Allen Park — Before Dan Campbell fully committed to pursuing a coaching career after his playing days had ended, he phoned coach Mike Sherman, who was heading up Campbell’s alma mater at Texas A&M. He wanted to get a taste of what the job entailed during the Aggies’ spring practice in 2010.
There only a few short weeks, Campbell was assigned to work with a graduate assistant named Zac Taylor. Eleven years later, the two have reached the pinnacle of their profession, both head coaches in the NFL, and will lead their respective teams into battle at Ford Field on Sunday.
“The first time I met him was at A&M,” Campbell said Wednesday. “Zac was a grad assistant, who was really coaching tight ends. I came down for spring, three or four weeks, and I just sat in a room with him and helped him with that.
“That was new for him, just that position per se, but I quickly learned like, OK, this guy, this kid’s pretty sharp. He had a real good grasp of really all of it, but some of the fundamental stuff is what he picked my brain on.”
Months later, Campbell would take his first official coaching job, as an intern with the Miami Dolphins. A year later he was coaching the team’s tight ends, and a year after that, Taylor joined the staff as an assistant quarterbacks coach.
In 2015, when the Dolphins fired coach Joe Philbin four games into the season, Campbell was named the franchise’s interim head coach. And later that year, when he dismissed offensive coordinator Bill Lazor, Campbell asked Taylor to replace him.
After last Sunday’s heartbreaking loss to the Minnesota Vikings, and Campbell’s emotional press conference afterward, the Lions coach got a text from future Hall of Fame quarterback Drew Brees.
The two had shared a locker room in New Orleans, both as teammates and while Campbell was on the Saints coaching staff the past five seasons.
“This man played the game like he coaches the game and I texted him after the game and said, ‘I love the way your team fought,'” Brees said during halftime of “Sunday Night Football,” where he now works as an in-studio analyst. “He texted back and I felt those emotions (from his press conference) in that text message, which was, ‘I love this team and I love the way they fight.’
“It’s tough because they haven’t been able to find a way to win yet, but I’d feel really good about my football team if I was Dan Campbell, just in watching them fight, scratch and claw, just as he said. I think it just epitomizes his mentality as a player and what he’s instilling them.”
Former coach Tony Dungy, who was also on the halftime show with Brees, echoed those sentiments while sharing his own turnaround story.
“That’s emotion, that’s heartbreak, but I love the way the Lions are playing,” Dungy said. “They’re showing heart, and let me me tell you Dan Campbell, I went through the same thing my first year. We’re losing games like this. We started out 0-5, losing games at the last minute, making plays to lose games.
“I remember walking off the field and this guy yelling at me, ‘Dungy, you stink. I thought we were supposed to be better. I’m never coming back to a game as long as you’re the coach here.’ I just walked with my head down and I wanted to cry. But you know what, one year later, we were 5-0 and in first place because our guys kept fighting.”
Asked about the text exchange, Campbell said he probably wouldn’t be a head coach if it wasn’t for the success the Saints had with Brees at the helm, and it was meaningful for the retired quarterback to reach out.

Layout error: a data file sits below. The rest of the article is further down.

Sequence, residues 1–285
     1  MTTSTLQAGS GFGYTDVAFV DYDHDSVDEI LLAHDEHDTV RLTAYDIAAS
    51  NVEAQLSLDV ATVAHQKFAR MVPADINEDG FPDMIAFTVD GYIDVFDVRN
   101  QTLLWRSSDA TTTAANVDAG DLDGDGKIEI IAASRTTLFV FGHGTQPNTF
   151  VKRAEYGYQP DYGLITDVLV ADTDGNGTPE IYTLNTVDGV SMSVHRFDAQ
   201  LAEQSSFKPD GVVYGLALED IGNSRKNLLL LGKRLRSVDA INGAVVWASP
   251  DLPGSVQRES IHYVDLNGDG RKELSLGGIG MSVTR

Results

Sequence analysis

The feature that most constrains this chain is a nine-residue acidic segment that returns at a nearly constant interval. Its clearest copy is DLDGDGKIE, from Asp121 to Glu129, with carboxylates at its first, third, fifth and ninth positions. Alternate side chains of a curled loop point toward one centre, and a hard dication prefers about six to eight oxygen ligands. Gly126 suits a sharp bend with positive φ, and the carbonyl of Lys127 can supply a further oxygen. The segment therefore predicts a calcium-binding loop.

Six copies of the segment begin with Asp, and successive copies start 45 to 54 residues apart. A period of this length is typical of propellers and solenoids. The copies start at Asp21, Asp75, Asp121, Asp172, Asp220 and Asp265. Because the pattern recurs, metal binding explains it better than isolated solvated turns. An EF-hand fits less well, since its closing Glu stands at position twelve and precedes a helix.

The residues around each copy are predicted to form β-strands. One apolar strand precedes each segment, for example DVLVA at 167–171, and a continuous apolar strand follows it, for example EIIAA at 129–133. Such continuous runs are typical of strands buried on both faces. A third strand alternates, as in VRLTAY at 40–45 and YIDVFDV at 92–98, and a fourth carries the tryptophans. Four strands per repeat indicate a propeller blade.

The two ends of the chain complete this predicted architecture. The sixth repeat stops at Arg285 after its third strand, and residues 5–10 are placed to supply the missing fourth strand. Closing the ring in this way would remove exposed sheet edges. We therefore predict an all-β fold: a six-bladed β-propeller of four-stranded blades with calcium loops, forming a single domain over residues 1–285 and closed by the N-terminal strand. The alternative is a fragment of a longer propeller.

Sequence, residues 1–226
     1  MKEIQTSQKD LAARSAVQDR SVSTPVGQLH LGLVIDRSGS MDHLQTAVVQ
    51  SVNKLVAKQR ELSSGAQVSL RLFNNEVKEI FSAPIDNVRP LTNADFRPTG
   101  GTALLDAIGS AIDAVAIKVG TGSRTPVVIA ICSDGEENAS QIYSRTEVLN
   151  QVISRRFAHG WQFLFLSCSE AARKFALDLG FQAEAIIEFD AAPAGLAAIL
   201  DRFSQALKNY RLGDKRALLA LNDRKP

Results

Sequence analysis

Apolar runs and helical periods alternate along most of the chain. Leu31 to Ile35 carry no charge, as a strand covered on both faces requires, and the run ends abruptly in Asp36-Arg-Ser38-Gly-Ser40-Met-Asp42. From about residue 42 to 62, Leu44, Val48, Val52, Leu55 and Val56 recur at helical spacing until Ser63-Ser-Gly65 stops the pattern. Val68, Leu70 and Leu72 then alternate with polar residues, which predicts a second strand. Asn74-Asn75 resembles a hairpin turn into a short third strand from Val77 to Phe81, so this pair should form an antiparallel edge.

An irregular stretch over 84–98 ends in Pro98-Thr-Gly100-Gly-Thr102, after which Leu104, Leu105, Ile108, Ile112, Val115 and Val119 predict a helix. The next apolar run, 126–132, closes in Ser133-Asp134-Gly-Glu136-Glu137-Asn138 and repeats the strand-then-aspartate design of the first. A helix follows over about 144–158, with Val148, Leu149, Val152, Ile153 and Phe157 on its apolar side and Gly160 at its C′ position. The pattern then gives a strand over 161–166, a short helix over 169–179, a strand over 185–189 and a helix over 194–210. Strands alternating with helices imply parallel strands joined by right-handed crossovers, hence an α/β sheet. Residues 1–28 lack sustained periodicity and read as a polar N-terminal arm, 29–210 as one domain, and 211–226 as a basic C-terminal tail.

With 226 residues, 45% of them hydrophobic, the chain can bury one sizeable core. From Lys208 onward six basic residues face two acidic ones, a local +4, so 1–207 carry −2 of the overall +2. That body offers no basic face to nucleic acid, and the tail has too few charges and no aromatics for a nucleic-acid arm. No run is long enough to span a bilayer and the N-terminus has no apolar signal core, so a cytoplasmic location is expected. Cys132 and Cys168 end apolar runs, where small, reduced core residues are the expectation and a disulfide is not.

“He doesn’t send me a text every week,” Campbell said. “I know him well and we’re friends, but I know if he’s sending me something it’s because it means something, so that’s why it kind of spoke volumes.”
Taylor’s 3-2 Cincinnati squad is led by quarterback Joe Burrow, the No. 1 pick in the 2020 NFL Draft who is making the often-discussed developmental jump between a player’s first and second season.
Through five games, Burrow is completing nearly 72% of his passes for 1,269 yards and 11 touchdowns. The only downside with the performance is he’s been sloppy taking care of the ball. He’s thrown six interceptions, one more than he had in 10 games a year ago.
“You see a guy that you can tell is, he’s getting them into the right play, he knows exactly what he’s looking for, what he’s been coached to do,” Campbell said. “They do play a lot in empty (sets) so he can see it, and he sees it very well and he knows where to go with the football. He’s got some weapons. He’s got about three or four answers that he can go to by just the look.
“And he can throw the heck out of the ball. He’s a pretty accurate quarterback, he’s got poise in the pocket, he’s got the ability to scramble. He’s not a running quarterback, but he’s got the ability to scramble with his eyes down field and he’s got pocket awareness.”
The Bengals, selecting two slots in front of the Lions in the first round of the draft this year, opted to provide Burrow with a premium pass-catcher over offensive lineman Penei Sewell, who the Lions happily took No. 7 overall.
Predictably, Burrow is still getting sacked too often — 14 times through those five games — but wide receiver Ja’Marr Chase has been as advertised, if not better. He ranks seventh in the NFL with 456 yards and his five touchdowns trail only the Chargers’ Mike Williams, who has six.
Chase has been doing much of his damage downfield. The rookie leads the league with five receptions of 40 or more yards.
The Lions were down a pair of cornerbacks during Wednesday’s practice with starter Amani Oruwariye and backup and return man Corey Ballentine not practicing.
Tight end T.J. Hockenson (knee) and outside linebacker Trey Flowers (knee) were also not doing much of anything during the portion of practice open to the media. Both players were limited throughout last week but played full workloads against the Vikings.